We're a long way from the days of galoshes that iced up over the buckles, and your fingers stuck to the metal trim.

But while there may be better boots around, the misery of cold feet is still with us.

Because it may feel like the North Pole in the morning as you wait for the bus or walk to the Metro station, the advice of some of the men who have been there (or other freezing zones) is worth sorting out for suggestions on surviving the cold. (For those heading to the Olympics in Lake Placid, where the mean temperature for February is 15 degrees and the temperature dipped to minus 33 about this time a year ago, this advice might be taken quite literally.)

Essential for keeping warm -- feet or anywhere else -- is to be dry, insulated and wearing garments loose enough for easy movement.

The best insulator is air, thus the constant recommendation that you wear layers: several pairs of gloves, socks, long johns, to trap the air between each. And in the keeping-dry department, cotton (worn closest to the body) absorbs moisture.

Several visitors to the Great Wall in China last spring, caught in an unexpected snowstorm, used plastic bags not only to add a layer of warmth but to keep their socks dry. Fine for an emergency, but hardly on the list of suggestions offered by outer-gear experts. What they do agree on:

Feet, like knees, nose, fingers and head, have the least protection of fat and therefore need to be paid attention to the most to keep warm.

The most important layer is the outer layer, which should repel the wind, insure against dampness and yet permit the escape of body moisture -- no easy task.

Moist skin should be avoided at all costs because it lets body heat escape 20 times faster than dry skin. (If feet, therefore, become damp from heavy overshoes, shoes and socks should be channged in the office.)

Any article of clothing that is too tight, shoes included, cuts off circulation and increases risk of freezing. "Boots should not fit (too snugly) or be laced too tightly," says the National Science Foundation in its booklet, Survival in Antarctica.

When wearing more than one pair of socks, the size should increase to the largest on the outside, to prevent pressure or constriction, says the NSF booklet.

Wool socks won't compact if your feet perspire, says George Ledyard at Eddie Bauer, so he recommends them strongly. And while synthetic liners have the advantage that they will not soak up moisture from your feet, he doesn't discount silk or wool liners for warmth.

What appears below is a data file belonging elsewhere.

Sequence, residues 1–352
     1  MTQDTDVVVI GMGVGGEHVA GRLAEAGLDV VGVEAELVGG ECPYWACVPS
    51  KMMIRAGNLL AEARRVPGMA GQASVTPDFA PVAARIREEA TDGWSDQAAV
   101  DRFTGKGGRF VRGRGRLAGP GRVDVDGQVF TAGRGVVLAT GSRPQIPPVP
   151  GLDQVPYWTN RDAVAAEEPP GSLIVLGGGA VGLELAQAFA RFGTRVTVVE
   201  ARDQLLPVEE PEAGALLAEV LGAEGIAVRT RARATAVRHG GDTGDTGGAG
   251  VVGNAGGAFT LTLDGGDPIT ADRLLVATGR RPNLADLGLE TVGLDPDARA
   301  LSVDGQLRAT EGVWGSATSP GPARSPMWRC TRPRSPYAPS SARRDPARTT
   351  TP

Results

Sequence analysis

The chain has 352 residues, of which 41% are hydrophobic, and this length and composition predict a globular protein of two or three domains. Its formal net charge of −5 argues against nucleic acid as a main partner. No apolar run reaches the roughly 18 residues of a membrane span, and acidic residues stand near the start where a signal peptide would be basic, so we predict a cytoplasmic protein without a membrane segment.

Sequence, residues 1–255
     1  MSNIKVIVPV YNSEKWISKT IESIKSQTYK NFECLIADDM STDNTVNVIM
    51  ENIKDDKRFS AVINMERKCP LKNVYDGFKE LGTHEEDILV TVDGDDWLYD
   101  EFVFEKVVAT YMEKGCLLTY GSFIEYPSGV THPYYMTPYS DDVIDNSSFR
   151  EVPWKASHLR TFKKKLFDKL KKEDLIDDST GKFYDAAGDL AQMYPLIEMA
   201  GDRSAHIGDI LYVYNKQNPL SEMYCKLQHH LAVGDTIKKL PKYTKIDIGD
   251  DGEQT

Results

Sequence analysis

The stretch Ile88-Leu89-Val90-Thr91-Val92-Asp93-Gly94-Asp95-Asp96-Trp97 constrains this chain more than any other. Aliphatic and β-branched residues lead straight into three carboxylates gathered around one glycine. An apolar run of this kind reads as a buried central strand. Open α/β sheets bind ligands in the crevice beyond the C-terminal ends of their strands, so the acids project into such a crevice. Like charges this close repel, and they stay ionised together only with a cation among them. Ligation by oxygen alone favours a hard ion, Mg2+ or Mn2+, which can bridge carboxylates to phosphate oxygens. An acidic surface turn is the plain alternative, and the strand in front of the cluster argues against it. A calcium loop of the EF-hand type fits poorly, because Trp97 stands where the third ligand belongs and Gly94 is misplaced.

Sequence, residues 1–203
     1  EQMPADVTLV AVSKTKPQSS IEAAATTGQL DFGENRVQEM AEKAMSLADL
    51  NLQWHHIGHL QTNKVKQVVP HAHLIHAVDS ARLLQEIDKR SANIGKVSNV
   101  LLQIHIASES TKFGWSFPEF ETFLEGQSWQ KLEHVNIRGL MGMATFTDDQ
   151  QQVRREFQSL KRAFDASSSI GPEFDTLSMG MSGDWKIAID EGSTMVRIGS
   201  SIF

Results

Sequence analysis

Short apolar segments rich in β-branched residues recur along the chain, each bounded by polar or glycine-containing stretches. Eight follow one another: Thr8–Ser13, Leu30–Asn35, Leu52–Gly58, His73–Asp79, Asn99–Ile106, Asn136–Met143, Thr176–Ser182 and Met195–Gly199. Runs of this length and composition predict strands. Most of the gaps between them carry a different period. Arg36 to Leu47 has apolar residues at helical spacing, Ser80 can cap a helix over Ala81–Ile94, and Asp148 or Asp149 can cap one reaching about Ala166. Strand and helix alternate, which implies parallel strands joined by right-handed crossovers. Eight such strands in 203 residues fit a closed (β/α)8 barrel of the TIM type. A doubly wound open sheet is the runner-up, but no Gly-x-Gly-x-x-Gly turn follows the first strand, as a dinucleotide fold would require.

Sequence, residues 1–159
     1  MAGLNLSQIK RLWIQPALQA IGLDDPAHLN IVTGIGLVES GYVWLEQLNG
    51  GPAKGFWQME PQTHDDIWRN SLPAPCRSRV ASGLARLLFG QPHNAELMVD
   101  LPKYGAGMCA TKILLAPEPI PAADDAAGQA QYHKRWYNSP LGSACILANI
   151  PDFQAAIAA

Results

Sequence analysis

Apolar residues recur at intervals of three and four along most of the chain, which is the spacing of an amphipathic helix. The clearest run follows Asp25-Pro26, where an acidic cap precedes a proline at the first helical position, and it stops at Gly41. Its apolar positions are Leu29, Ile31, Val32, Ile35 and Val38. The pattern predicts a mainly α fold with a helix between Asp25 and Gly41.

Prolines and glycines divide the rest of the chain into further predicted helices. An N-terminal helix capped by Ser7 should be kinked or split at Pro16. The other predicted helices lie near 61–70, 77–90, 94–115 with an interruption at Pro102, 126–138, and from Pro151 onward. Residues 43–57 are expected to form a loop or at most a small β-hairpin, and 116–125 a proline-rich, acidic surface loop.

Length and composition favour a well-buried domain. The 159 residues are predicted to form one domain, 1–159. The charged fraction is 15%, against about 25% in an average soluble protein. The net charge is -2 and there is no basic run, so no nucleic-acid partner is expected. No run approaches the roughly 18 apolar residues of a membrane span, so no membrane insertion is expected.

"The most important thing is to wear boots with thick soles," says Tom Andersen of the Lake Placid Olympic Organizing Committee as advice to anyone who has to stand out in freezing cold for a long time. While most people wore rubber boots with felt liners at Lake Placid events last winter, in Andersen's opinion "moon boots" with 3-inch foam soles are unbeatable.

According to Woodward & Lothrop shoe and boot buyers: greatest advancement for city wear are "slush-molded" rubber boots that have no puncture or airholes. (But they are only absolutely waterproof up the fabric or closure.) They are just as waterproof as the pull-on rubber boots.

And if you are caught in bad weather and must trek through it in your best leather boots, dry boots away from heat, then clean with saddle soap or foam and top with waterproofing suitable for dress leather -- not too greasy. (The bad thing about snow is the chemicals used to dispel it which will discolor and ruin boots.)

For an instant comfort boost, add a shoe liner like the sheepskin innersoles stitched to leather offered by L. L. Bean and others. Scholls offers a variation, one made with a cushion and an insulating foam, the other with wool and poly fleece insoles.

And a final note: Don't count on brandy to warm the feet (only, perhaps, the heart). According to Dr. Charles Ireland, former hospital director of Howard University Hospital, the warming effect will be temporary at best: "Brandy," he says, "will dilate the blood vessels and then constrict them."